MANUFACTURING, selling, distributing, or usage of hydrogen-filled balloons in Davao City is now prohibited after the 19th City Council passed an ordinance against it.
Councilor Mabel Sunga Acosta filed the "Hydrogen Filled Balloons Ordinance of Davao City," which was passed on third and final reading on Tuesday, August 24.
Acosta said the ordinance aims to eliminate the practice of using hydrogen-filled balloons in all business, leisure, entertainment, sports, and social activities to ensure protection of public health and environment.
The ordinance also aims "to raise awareness that hydrogen is an unstable and inflammable gas which can easily explode and catch fire."
The councilor said it will be implemented within the city, except for research and development purposes in the field of science and technology, laboratory analysis, and atmospheric monitoring.
Violating establishments will be penalized P1,000 for first offense; P3,000 for second offense; and P5,000 and one year suspension of business permit for third offense.
"If the violation is committed by a business establishment, the president or general manager, or the person, acting in behalf of either the President, Owner or General Manager shall be held liable in the case of a corporation or partnership, or the Owner of Proprietor or the person acting in his behalf shall be held responsible in the case of a single proprietorship," the ordinance states.
Acosta said the ordinance was crafted following a social media post in early February this year, where a young child suffered a minor injury while playing with a large floating hydrogen-filled balloon.
During the committee hearing on March 24, April Rose Aguilos, Department of Science and Technology (DOST) chemist, said that hydrogen is a colorless, odorless, tasteless, flammable gaseous substance. It is cheaper than helium because it can easily be produced.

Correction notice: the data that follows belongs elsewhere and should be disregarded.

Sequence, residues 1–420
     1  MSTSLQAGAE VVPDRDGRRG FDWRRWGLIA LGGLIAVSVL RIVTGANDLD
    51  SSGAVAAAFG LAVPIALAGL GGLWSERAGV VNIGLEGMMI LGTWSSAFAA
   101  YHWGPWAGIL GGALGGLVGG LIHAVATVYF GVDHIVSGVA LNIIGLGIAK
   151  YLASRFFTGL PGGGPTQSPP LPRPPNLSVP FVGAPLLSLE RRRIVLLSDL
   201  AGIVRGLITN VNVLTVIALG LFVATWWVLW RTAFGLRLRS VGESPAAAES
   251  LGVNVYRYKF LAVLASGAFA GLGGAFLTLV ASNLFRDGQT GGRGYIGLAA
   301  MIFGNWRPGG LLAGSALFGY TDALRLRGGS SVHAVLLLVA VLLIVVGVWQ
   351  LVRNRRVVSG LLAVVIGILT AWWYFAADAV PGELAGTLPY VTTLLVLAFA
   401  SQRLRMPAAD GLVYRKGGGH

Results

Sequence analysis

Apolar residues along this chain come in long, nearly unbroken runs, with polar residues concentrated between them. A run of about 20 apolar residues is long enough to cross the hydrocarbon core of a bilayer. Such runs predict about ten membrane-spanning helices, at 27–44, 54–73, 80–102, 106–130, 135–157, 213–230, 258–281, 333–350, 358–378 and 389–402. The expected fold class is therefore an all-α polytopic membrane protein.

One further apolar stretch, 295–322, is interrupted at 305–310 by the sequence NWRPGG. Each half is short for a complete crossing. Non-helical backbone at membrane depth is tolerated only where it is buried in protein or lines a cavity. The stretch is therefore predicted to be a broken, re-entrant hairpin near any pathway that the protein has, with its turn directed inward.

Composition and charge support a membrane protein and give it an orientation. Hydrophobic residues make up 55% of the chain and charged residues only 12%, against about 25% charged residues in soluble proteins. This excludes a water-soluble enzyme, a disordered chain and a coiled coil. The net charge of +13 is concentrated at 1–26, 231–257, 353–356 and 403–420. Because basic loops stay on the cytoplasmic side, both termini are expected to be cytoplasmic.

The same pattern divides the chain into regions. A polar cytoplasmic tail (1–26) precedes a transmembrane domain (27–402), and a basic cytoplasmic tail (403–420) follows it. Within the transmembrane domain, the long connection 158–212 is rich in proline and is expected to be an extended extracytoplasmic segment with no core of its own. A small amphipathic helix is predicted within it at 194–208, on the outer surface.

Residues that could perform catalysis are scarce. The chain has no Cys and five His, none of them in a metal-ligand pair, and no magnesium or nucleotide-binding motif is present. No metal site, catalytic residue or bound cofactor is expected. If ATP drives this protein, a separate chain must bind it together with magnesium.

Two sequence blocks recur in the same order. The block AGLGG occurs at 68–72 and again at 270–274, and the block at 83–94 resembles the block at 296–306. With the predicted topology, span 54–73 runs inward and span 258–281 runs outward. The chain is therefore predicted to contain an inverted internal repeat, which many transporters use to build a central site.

Aguilos said that if a flame, like a simple birthday candle, is near a hydrogen-filled balloon, the balloon will explode and produce flames. Unlike in a helium-filled balloon, it will simply explode.
No objections to the proposed ordinance were raised by the balloon and party owners and suppliers.
But Myra Palma Gil-Encabo of Ysa's Party Needs and Souvenir Store said that most suppliers opt to use hydrogen in balloons as helium is expensive.
Gil-Encabo said one helium tank costs P20,000, while one hydrogen tank costs only P1,500.
Anthony Lucero of the Philippine Atmospheric, Geophysical and Astronomical Services Administration (Pagasa) said they are using hydrogen-filled weather balloons for atmospheric monitoring, resulting in its exemption of the ordinance.
The City Council also passed an ordinance in 2019 seeking to prohibit the release of balloons and sky lanterns in the city, but some provisions were omitted.
The proposed ordinance was filed following the attempt of a well-known hotel in Metro Manila to beat a world record by dropping 130,000 balloons as part of its New Year’s Eve countdown.